“It was just Scott Stephens and I today on the Evil Stepsisters. Too bad, it was a good day to ride as the rain stopped a few hours before we left Peet’s at 10. We did the loop clockwise (not the ‘Evil’ way). It never rained although it was really foggy on Ridgecrest between Rock Spring.

They have barricades on Ridgecrest at Rock Springs and at Bo-Fax Rd, however we went around it and rode it anyway. There was a mud slide across the road in the “seven sisters” (seven bitches?) area, but we were able to ride through it OK. It may be cleared by the time Roger rides it tomorrow. By the time we got to Fairfax it was sunny and beautiful. We had a late lunch at Perry’s deli and took our time on the return leg of the ride. It was after 5 pm when we finally reached the Castro area in SF. We saw some great wildflowers although not as many poppies as I’m used to seeing at this time of year. We saw literally dozens of waterfalls and streams along the side of the road that are not normally there, it was phenomenal. The stream in Mill Valley was really raging and the spillway at Alpine Dam was releasing an incredible amount of water (photo).”

Yet Another Road Update [updated 3/30]

March 27th, 2018 by tony

Can you believe we’re still talking about road closures?? We’re nearly through the rainy season and we *still* are dealing with closed roads due to 2017’s torrential rains. It’s hard to believe that it is taking over a year to get major roads open. Don’t forget there are still many minor roads (i.e. roads we cycle on!) which haven’t been repaired and are only open to one-way traffic. With county road budgets being stressed they’re unlikely to be fully repaired for many years and we’ll just have to live with roads slowly falling down the hillsides. But the positive is that they then become impassable to cars but not to bicycles! Here’s an update on the remaining major roads.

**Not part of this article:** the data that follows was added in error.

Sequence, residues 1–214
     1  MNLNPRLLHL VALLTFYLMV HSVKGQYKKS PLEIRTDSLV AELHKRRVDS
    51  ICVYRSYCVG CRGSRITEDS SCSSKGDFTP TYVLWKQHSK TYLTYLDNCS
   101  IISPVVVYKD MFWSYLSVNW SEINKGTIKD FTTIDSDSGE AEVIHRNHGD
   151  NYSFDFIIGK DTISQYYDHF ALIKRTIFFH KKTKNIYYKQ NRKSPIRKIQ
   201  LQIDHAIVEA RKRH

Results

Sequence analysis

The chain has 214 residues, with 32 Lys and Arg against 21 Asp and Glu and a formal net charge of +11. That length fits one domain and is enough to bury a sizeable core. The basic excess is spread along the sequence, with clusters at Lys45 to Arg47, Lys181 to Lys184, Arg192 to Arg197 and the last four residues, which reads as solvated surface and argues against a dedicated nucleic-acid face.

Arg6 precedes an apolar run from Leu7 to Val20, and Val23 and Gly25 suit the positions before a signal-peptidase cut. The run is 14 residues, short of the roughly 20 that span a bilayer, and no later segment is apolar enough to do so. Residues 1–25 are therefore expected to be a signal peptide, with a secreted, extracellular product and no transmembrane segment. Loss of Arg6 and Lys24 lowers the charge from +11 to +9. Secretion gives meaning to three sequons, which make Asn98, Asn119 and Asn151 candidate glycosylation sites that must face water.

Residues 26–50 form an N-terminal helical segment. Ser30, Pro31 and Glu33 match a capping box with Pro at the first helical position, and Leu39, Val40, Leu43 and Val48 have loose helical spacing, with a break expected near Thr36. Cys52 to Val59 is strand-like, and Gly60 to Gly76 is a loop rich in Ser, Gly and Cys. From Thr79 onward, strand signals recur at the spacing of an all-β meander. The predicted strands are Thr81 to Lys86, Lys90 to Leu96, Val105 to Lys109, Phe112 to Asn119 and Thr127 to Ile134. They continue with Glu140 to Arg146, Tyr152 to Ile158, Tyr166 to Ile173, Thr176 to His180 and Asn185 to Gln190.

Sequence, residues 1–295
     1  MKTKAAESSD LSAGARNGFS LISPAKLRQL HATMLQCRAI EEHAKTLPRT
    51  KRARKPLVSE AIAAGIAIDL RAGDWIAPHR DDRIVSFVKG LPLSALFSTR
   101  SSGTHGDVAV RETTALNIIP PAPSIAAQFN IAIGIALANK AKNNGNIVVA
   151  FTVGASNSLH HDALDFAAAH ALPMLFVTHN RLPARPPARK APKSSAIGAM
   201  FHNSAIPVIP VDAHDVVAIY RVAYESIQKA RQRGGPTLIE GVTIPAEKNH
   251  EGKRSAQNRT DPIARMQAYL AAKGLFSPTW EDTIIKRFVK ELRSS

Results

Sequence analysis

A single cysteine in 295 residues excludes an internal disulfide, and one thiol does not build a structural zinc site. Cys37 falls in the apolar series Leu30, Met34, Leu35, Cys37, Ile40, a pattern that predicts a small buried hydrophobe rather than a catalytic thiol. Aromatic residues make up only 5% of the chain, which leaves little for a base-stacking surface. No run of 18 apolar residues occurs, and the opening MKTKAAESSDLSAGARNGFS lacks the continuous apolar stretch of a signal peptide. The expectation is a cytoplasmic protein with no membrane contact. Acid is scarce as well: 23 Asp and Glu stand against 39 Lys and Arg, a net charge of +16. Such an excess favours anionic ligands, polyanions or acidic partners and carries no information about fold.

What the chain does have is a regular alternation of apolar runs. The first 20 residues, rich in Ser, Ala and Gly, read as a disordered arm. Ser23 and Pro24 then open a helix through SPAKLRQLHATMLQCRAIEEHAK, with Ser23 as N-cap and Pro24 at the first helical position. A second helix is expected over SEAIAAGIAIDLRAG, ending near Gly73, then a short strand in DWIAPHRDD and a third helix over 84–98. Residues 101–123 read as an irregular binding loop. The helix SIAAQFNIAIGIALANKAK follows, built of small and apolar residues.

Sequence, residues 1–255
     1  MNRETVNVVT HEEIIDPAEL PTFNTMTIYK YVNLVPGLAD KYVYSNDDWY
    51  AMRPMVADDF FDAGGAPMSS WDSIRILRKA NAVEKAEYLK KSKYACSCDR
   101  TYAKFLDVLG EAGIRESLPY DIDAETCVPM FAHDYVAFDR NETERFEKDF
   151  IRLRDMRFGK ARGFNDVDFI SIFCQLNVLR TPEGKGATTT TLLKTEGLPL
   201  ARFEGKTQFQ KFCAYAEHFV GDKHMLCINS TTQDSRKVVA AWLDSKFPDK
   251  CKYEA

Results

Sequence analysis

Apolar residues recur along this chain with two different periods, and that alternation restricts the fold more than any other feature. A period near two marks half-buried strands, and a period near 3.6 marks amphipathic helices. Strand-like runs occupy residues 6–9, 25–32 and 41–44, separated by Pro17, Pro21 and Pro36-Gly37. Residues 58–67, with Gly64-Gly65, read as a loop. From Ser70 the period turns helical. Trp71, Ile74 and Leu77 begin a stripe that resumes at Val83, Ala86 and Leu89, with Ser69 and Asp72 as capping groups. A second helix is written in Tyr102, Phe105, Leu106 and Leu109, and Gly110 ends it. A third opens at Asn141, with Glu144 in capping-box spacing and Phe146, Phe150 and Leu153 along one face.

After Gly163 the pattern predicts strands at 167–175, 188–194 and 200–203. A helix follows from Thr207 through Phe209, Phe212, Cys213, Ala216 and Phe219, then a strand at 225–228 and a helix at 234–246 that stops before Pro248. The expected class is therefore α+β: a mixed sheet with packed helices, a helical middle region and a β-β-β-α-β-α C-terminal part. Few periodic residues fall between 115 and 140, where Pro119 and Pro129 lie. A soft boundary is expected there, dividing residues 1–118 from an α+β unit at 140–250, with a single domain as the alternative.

Pinehurst. The Canyon Road bridge was closed last April due to earth movement. A temporary bridge that is one-way and controlled by a signal was opened last November 22 while the City of Moraga worked on funding for a two-lane replacement in 2018. Well, that has now been pushed back to 2019. So the road is open but we won’t have a full replacement this year. Unfortunately the one-way bridge doesn’t seem to be deterring the commuter traffic that avoids the Caldecott Tunnel and zips along Pinehurst. It has been so much better with the bridge out!